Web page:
Calgary unsustainable? No, really?

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Over 40 students met in MacEwan Hall Thu., Jan. 26 to discuss the future of the city at Sustainable Calgary's Citizens' Agenda workshop.

The workshop, attended mostly by urban studies students, focused on how to make Calgary more sustainable within the next five years. Among the ideas presented were the reinvestment of government energy revenues into renewable energy, a cap on public transit increases, tax incentives for environmentally-friendly building practises and the reallocation of 65 per cent of city transportation spending to public transit and active transportation. Much of the discussion was related to Sustainable Calgary's 2004 "State of Our City" report, which gave Calgary a positive grade on only 11 out of 36 indicators.

"We're really struggling and if we keep going at the rate that we are right now, it's going to have detrimental causes to us, our children, our society; it's going to have long-term impeding effects," said project coordinator Maryam Nabavi. "Our sense of community, our natural environment, how we function as a city, the gaps between the rich and the poor and various other aspects we really don't see are going to be suffering and all the problems in the report seem to be increasing. The only way to change that is to have a paradigm shift and get people thinking in a different way so that the kind of reforms we're hoping for right now can happen."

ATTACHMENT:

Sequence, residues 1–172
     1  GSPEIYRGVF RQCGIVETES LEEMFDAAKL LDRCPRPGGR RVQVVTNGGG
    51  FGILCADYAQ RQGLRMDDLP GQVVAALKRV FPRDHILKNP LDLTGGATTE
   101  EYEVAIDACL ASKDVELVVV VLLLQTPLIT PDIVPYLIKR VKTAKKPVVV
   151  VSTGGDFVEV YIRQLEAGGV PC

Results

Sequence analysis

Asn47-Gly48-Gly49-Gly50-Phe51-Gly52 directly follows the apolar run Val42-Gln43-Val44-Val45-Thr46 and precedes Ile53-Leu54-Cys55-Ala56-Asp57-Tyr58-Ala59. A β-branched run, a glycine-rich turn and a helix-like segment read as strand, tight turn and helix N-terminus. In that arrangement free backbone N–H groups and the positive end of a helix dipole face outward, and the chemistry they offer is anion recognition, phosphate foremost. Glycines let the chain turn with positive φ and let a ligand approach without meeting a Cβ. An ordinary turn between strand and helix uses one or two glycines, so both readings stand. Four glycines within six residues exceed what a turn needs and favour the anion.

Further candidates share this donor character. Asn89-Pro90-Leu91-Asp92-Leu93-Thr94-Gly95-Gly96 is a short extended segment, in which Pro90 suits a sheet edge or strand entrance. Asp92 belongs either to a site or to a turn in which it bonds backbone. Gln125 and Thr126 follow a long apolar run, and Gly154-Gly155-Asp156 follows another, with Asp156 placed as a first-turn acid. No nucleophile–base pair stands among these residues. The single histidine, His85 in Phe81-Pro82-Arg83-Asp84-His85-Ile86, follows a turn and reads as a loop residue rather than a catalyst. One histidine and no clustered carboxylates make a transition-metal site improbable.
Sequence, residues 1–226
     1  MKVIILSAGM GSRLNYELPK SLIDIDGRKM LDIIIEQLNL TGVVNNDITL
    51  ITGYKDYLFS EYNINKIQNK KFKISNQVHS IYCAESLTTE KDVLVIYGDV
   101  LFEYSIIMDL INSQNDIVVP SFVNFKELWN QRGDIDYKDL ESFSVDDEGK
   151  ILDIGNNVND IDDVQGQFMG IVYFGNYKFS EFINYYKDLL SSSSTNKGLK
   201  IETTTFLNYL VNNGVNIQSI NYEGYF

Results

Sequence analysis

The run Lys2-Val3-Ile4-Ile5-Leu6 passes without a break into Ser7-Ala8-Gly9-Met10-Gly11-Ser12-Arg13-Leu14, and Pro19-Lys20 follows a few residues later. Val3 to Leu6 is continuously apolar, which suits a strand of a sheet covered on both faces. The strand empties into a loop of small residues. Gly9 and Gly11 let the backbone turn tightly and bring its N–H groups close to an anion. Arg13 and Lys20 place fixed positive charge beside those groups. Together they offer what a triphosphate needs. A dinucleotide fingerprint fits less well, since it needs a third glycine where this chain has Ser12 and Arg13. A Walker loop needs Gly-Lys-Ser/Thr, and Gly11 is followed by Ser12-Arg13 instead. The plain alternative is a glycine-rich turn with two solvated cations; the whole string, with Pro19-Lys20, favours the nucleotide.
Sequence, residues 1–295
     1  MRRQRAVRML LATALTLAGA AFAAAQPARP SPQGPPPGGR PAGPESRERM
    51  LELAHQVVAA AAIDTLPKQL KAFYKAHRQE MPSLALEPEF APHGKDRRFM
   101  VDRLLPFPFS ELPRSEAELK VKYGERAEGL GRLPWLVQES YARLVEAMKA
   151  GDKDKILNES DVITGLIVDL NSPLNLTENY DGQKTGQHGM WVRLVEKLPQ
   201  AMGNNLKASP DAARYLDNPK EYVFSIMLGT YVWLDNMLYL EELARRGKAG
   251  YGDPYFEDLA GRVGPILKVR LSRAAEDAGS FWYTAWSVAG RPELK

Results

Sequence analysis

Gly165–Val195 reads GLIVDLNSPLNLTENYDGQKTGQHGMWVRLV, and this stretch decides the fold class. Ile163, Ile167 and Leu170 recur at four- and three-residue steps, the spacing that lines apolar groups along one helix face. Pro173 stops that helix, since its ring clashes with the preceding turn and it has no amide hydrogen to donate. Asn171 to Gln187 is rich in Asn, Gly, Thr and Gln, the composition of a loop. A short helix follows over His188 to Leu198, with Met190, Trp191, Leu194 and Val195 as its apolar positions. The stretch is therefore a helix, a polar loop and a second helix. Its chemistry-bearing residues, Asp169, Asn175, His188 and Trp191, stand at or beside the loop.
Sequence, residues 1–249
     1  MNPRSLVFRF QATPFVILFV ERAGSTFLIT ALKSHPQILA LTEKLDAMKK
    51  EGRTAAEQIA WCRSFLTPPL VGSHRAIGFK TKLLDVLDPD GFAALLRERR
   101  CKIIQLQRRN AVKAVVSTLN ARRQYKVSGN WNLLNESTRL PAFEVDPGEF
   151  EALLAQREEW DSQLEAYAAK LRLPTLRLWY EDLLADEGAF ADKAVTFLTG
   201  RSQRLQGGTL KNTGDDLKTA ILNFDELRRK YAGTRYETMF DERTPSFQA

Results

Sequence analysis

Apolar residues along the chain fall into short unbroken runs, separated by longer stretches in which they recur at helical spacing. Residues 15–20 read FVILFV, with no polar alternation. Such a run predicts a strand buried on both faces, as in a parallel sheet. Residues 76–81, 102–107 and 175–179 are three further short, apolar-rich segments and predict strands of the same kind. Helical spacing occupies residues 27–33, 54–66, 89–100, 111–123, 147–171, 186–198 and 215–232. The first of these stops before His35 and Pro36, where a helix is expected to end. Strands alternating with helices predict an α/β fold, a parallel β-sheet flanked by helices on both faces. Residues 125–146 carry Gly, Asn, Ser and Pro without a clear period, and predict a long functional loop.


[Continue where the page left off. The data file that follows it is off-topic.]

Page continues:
According to the "State of Our City" report, Calgary is promising on several fronts, especially the attitudes of its citizens towards volunteer work, citing a study by the Canadian Centre for Philanthropy showing that Calgarians volunteer more than people in any other Canadian city. However, Nabavi's optimism is curbed by environmental practises showing Calgarians also use the most resources in the country per capita.

"One of the most harrowing things we've seen is that the land we use and the resources we use are greater than anywhere else in Canada or arguably the world," noted Nabavi. "If everyone in the world lived like Calgarians do, it would take eight planets to make the world sustainable. We're damaging the environment, but it's having social and economic effects on us, and we don't really see that."

The workshop was one of 25 consultations held by the group across the city. Later this spring, the group plans to compile the findings of the workshops into a report to be presented to city hall and the community in time for the April municipal elections.

"The trend's been that we haven't been moving toward sustainable practices, but what I think hasn't been acknowledged is that there's a very large counter-culture and it has a really large voice," said Nabavi. "People want to speak about these issues and they want to be heard."

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